Son of Devil's Advocate, January 2004

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Son of Devil's Advocate

Stan Kelly-Bootle

Picture of Stan Kelly-Bootle

Resolutions Considered Harmless

Looking back over past sins, I detect a certain sameness (or in PostModSpeak, make that certain samenesses -- extra marks for spurious, singular plurals? [ref 1]) in my columnar treatment of the EOY (End of Year) thingy. And there are now, as archived proof, about twenty DA or SODA files with that pass-the-bottle, drop-the-ball for auld-lang-syne extension .jan.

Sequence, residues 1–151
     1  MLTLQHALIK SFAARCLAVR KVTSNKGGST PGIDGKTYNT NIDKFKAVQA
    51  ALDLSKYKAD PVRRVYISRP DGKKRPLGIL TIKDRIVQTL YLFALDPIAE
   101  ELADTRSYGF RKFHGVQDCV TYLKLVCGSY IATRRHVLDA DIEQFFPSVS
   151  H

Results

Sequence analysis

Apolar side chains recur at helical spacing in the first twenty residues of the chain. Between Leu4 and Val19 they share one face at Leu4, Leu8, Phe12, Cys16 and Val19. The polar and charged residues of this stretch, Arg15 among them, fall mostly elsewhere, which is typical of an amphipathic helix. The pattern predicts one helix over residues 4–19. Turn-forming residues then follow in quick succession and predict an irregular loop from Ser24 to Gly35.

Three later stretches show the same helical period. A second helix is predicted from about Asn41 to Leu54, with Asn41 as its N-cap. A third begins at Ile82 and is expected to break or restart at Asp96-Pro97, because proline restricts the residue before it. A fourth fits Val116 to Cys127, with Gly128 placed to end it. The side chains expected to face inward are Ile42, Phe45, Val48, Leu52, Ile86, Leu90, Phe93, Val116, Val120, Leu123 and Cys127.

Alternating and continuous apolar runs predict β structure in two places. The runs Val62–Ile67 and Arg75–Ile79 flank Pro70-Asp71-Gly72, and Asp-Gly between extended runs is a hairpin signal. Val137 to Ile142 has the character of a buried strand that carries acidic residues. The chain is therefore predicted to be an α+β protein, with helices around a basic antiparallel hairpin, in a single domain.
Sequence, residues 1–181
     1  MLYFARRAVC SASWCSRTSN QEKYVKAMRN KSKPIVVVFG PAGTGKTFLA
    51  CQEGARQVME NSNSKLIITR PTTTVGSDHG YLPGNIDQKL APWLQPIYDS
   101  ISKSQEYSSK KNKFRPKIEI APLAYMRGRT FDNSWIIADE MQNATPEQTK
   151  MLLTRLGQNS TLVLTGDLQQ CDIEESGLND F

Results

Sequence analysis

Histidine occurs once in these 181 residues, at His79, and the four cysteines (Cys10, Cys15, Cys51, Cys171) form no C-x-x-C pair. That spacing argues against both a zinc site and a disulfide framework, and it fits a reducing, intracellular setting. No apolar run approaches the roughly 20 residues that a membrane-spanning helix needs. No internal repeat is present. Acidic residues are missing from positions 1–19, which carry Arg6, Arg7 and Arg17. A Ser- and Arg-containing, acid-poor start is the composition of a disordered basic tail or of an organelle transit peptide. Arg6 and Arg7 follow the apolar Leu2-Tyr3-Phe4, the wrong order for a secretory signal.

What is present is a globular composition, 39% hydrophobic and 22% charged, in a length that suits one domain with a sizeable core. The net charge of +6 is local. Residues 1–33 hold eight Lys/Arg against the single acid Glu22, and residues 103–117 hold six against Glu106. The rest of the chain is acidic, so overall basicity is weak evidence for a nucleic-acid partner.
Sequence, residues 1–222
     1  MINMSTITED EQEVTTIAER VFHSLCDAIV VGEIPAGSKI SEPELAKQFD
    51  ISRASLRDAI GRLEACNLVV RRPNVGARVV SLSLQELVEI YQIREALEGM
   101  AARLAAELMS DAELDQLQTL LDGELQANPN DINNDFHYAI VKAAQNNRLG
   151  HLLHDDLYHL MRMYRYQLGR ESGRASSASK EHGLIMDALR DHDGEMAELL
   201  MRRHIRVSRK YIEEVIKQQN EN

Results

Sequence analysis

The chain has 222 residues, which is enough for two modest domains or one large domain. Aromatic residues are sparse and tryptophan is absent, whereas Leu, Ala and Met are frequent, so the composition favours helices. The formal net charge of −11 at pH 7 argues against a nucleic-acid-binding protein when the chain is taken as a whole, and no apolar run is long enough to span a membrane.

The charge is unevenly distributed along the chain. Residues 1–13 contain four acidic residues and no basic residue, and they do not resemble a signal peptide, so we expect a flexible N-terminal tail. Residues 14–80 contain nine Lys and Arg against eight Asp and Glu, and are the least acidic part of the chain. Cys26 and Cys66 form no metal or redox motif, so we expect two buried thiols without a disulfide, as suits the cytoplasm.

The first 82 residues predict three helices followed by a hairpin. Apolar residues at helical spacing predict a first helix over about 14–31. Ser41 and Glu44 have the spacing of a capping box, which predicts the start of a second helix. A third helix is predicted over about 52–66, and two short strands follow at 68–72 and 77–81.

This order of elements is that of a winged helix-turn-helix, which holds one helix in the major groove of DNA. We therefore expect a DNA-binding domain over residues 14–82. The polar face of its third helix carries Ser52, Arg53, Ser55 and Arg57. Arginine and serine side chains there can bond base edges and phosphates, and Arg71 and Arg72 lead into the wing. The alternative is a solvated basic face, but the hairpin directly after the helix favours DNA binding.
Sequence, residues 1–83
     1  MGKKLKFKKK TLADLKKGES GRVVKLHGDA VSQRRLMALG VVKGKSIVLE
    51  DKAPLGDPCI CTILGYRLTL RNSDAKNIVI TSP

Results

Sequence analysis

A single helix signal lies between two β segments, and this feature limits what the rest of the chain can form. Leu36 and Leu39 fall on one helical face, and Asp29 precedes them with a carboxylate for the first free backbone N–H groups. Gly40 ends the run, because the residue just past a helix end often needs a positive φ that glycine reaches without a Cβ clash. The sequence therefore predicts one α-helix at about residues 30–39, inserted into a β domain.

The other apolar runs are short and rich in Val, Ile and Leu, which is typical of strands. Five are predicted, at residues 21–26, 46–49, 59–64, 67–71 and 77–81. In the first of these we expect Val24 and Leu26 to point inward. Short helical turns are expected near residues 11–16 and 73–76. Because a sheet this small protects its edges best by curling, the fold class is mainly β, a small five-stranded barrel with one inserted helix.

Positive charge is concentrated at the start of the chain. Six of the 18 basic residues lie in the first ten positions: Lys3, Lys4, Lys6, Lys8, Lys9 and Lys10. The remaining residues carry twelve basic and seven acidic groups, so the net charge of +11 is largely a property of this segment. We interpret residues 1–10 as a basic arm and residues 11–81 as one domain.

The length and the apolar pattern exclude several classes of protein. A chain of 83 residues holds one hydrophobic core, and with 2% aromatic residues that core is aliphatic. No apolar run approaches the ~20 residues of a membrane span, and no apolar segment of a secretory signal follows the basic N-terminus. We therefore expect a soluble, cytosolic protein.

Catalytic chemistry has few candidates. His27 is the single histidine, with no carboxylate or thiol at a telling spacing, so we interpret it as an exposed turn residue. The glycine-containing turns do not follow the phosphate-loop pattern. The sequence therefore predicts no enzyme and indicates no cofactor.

When Lotus Magazine paid me 25 cents a word, I would avoid epistemology, miners' lung diseases, and long-winded Welsh Train Stations, throwing in the odd $1.25's worth of "be that as it may" at the drop of a paragraph. I'm now paid, if at all, per laugh, a complex formula involving volume, duration, and sincerity, divided by a hidden scatological factor. Hits (on the sarcheck website) are also understandably important, including, of course, the very visitation you are now making dear reader, almost by definition. Strictly speaking, as us mathematicians nearly always do when using measure-theoretic terms such as AE (Almost Everywhere), you may have hit me in error &/or given up before now, finding my sets too dense by far. Higher website hit-rates, I gather, can be guaranteed by a suitable cascade of meta-tags, or with appropriate bribes, or the purchase of sufficient stock in Googol Inc., when its awaited IPO is launched. Kevin G. Barkes's site enjoys high hit rates more simply and legally by exploiting his precious initials: KGB. Many search-mad Sovietologists reach and are assuaged and tempted to linger and link to Kevin's incomparable collection of over 11,000 quotes in [ref 2]